Wednesday, December 5, 2007

I Like Bike

I'm certainly not a bike snob. I realize that its impossible for most people to survive without a car, but for the most part, I can. When we moved to midtown a couple of years ago, we had too many cars sitting around not being used. Work is only a half mile away... an easy three minute ride on my bike. I wouldn't be there any faster if I drove. Besides, with fuel prices getting so expensive, (especially for my ultra-luxurious Cadillac Fleetwood which only got 15.6 miles to the gallon under the most conservative driving conditions), it seems crazy to drive when I don't have to. My Mazda RX-7 was Motor Trend car of the year, and was a blast to drive, but both autos had to go. I gave up my favorite cars to ride a bike I had purchased at a yard sale for twenty-five bucks about nine years ago. After I had the bike for a couple of years, the front brake cable failed, so I performed a temporary repair with some heavy duty hemp string that ended up lasting through five winters. I finally replaced the string with a new cable before it had a chance to break. The guys in the bike shop were amazed, and said they had never seen anyone use hemp for a cable. I'm on my third set of tires, and my little Seabright Runner* is still going strong. In nine years, I've spent a total of $83 on my bike. Here's the breakdown:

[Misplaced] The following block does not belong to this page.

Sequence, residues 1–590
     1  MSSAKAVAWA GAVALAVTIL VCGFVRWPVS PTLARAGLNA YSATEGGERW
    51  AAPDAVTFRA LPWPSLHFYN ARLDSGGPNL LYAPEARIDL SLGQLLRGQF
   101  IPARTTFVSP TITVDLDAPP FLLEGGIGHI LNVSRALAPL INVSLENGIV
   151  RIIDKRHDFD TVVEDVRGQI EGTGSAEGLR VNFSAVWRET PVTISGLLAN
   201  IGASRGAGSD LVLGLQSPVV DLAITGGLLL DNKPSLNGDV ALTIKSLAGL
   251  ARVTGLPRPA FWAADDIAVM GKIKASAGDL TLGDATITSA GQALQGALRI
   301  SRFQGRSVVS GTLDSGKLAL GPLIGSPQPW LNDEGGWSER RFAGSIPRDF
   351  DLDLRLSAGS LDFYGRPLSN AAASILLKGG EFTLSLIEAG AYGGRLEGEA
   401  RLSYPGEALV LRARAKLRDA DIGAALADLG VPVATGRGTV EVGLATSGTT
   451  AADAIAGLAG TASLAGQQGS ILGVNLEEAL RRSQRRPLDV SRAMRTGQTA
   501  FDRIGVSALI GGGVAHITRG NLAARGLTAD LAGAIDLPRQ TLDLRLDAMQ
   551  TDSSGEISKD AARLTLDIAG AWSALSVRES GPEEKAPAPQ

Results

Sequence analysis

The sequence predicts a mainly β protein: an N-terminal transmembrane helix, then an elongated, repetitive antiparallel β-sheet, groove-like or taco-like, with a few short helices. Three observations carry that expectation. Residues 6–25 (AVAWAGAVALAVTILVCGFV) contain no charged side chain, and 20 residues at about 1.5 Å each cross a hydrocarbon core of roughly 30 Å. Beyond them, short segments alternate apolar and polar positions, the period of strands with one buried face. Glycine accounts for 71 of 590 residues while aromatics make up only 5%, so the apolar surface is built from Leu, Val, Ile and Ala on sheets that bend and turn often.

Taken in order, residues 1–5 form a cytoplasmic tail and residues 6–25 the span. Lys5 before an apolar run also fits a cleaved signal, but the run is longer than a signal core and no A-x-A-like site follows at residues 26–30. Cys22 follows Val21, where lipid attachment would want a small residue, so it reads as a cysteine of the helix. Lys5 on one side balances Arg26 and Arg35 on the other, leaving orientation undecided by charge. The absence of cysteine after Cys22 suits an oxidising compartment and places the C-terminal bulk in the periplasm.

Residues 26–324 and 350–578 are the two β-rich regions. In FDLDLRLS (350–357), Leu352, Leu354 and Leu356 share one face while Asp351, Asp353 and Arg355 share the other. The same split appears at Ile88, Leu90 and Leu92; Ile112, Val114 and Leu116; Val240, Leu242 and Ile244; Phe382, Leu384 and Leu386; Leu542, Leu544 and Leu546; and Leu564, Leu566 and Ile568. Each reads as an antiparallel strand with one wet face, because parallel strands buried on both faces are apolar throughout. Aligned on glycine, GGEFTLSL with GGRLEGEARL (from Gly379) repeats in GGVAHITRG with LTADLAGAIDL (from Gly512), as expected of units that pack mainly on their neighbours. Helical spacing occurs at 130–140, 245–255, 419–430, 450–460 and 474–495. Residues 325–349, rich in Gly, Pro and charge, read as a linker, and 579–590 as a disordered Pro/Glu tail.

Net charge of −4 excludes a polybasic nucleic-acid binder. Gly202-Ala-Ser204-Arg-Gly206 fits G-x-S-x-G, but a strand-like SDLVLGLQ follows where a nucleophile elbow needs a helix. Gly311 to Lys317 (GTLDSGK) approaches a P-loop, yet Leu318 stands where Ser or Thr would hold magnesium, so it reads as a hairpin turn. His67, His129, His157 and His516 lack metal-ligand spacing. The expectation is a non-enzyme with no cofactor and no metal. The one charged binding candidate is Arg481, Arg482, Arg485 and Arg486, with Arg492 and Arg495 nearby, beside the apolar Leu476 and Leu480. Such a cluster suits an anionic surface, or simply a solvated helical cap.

Purchase price of bike - $25
6" hemp string - negligible
6" cable- $1
Rack at yard sale - $1
Metal basket - $30
Tires & tubes - $26

Total: $83

I'm not entirely without auto-motion however. Mighty Mo still has her Mazda 6 wagon, which I occasionally drive on weekends, but other than that, I bike everywhere. It is especially gratifying on those busy rush hour moments when I am not restricted by the traffic congestion, and can ride freely twixt the slowly lumbering auto-mos.

Although the cost of fuel is at an all-time high, the price of petrol isn't the only cost to consider. Most of our crude oil continues to come from areas of the world that are hostile to us, and don't want us there. The oil is placed on tanker ships which travel the oceans, dumping tons of sewage and trash en route. Occasionally these tankers break open and spill their poisonous oily contents. The result is death to thousands of birds and fish, polluted water and beaches. Once delivered, the substance is refined, then distributed by tanker trucks to your local gas station. Occasionally, a tanker truck will overturn, and spill poisonous fuel upon the earth which contaminates both the land and water. Consumers purchase the fuel and burn it in automobiles, contributing to smog and poisonous air conditions in our cities. Respiratory conditions are on the rise as more and more autos spew their toxic fumes. Bio-diesel is a good alternative to regular diesel, but most Americans are too dumb to pay an extra handful of cents per gallon, and continue to burn the vile diesel in their trucks and cars. Luckily I live in Santa Cruz where many of the major delivery companies have converted to clean burning bio-diesel. Lots of citizens are burning clean fuel here too. Occasionally I smell regular diesel and have to wonder why?

The name I gave my bike.

1 comment:

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